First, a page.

June 8, 1978

Almost half of the students at Rappahannock elementary school are reading a year or more behind grade level, according to a recent survey taken by the administration.

As a first step toward attacking the reading deficiency that has alarmed parents and teachers alike, county School Board members voted unanimously at a special meeting held last Wednesday to offer summer school this year.

The summer school program will focus on reading and language skills only. Classes, beginning June 19, will be held from 8:30 a.m. to 11:30 a.m. According to current plans, enrollment will be open to children in grades one through seven. However, participation may have to be limited to specific grades, should more than a third of the students eligible for the program indicate an interest in attending summer school.

Assistant superintendent Ray Hogan announced that eight teachers were “definitely interested” in teaching with three more possibly willing to work in the summer reading program. He noted that the program’s success was dependent in a large part on keeping a low pupil teacher ratio, approximately 10 to 12 students per teacher.

“Sorry, Mr. Bankston.”

That was Supervisor Chairman E. P. Luke’s response to game warden Jim Bankston after the Rappahannock Supervisors turned down two proposed hunter control ordinances at last Thursday’s Board meeting. Luke joined Supervisors Clarence Baldwin and Butch Eastham in voting down ordinances that would have made it illegal to carry a loaded rifle or shotgun in a vehicle or on a public right of way without permission to hunt from landowners on both sides of the road.

Supervisor Dick Latham said he’d heard arguments that the ordinances were unenforceable but added that a neighboring county had 29 convictions out of 31 citations written under a similar law. “They can be enforced if anyone takes the time to do it,” he maintained.

Baldwin announced that he was prepared to vote against adoption since large landowners near Flint Hill — the area of the county with the biggest problem with illegal roadside hunting — were satisfied with current laws and opposed to the new ordinances.

“These are crafty people you’re dealing with. They can unload a gun while they’re pulling over for the game warden,” he said. “The solution to the problem lies in getting Mr. Bankston some help,” Eastam stated.

Jan. 25, 1979

Power line towers fall “very, very seldom,” construction superintendent Raymond Mims assured the Rappahannock Board of Zoning Appeals last October.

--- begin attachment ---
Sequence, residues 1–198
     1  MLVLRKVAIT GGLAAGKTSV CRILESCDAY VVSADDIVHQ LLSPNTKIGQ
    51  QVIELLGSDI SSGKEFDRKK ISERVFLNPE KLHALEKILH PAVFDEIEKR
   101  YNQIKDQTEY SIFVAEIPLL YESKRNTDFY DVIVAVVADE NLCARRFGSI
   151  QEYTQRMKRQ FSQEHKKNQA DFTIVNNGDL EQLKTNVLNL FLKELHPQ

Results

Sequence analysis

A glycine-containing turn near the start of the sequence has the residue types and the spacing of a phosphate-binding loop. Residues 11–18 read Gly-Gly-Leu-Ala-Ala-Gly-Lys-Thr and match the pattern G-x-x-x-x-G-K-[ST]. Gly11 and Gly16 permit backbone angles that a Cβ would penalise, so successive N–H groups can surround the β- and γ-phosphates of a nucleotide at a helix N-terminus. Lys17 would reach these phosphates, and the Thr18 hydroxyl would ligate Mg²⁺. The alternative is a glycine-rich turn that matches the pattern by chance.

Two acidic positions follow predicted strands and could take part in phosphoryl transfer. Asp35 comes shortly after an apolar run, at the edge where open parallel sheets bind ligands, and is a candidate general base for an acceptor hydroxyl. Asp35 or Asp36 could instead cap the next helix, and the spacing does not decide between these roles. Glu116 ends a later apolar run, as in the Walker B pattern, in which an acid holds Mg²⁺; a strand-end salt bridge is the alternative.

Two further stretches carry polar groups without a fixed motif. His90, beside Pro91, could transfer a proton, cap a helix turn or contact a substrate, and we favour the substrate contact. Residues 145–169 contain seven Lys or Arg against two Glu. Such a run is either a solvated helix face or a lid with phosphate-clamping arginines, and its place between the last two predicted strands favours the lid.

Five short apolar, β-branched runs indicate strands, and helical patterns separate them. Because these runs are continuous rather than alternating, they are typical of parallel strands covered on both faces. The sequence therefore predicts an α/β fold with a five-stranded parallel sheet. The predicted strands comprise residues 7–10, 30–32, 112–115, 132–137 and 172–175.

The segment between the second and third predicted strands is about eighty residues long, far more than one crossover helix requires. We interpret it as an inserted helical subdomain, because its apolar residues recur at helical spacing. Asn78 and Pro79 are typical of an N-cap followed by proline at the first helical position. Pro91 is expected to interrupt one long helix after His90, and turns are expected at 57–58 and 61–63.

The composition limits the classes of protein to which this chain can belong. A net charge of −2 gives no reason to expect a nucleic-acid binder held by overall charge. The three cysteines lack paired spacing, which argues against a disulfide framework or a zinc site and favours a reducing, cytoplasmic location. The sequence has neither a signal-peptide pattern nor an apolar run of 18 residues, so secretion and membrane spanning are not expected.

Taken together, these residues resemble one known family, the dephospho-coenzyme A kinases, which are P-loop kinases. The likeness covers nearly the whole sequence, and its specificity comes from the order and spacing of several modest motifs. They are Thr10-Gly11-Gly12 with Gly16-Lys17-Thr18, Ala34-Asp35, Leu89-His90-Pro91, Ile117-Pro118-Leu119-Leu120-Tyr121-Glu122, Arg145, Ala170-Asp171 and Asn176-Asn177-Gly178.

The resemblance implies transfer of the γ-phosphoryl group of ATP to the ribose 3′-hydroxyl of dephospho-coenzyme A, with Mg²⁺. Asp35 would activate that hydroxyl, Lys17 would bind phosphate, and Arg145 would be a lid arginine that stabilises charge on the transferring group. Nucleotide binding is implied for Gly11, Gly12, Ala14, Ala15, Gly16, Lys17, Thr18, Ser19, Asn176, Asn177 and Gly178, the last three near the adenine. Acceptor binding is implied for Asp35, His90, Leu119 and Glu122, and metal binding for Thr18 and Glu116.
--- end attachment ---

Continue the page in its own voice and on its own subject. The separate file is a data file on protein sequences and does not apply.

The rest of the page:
Mims appeared before the BZA to request a permit application for office and storage trailers to be located on Amissville Fire Company property during construction of concrete foundations for Vepco’s power line towers.

The “very, very seldom” happened last week as a tower built along Route 627 outside Flint Hill came tumbling down. The concrete foundation was still in place but the rivets holding the tower to the base appeared to have worked loose.

Linda Welk, a property owner who reported the accident to the Rappahannock News, said that her husband had noticed about a month ago that the tower “wasn’t anchored down.”

When speaking before the BZA at its October 12 meeting, Mims explained that the towers weren’t anchored in rock because that procedure requires on-the-job presence of an engineer at all times to check if the rock is solid. According to Mims, this makes rock anchoring both expensive and time consuming.

Asked to comment on Tuesday, Vepco personnel at the Warrenton office knew nothing about the topple of the tower.

After agonizing for two hours over a 20 percent increase in the administrative portion of the 1979-80 welfare budget, the Rappahannock Welfare Board authorized a new social worker position requested by social services director Elizabeth Buntin.

“There are a dozen reasons why we should hire another social worker,” said Mrs. Buntin in justifying her request for the additional position. “As you’re aware, I haven’t been able to get my work done. I’m behind on the board minutes. I’m behind on everything. The worst of it is adult services are going lacking. You might not see it because no one has complained but the lack is there.

“There are five referrals on my desk that haven’t been handled — all for adult protective services,” Mrs. Buntin continued, acknowledging that this was her area of responsibility. “A slipshod job done with any part of our services hurts our reputation with the community,” she added.


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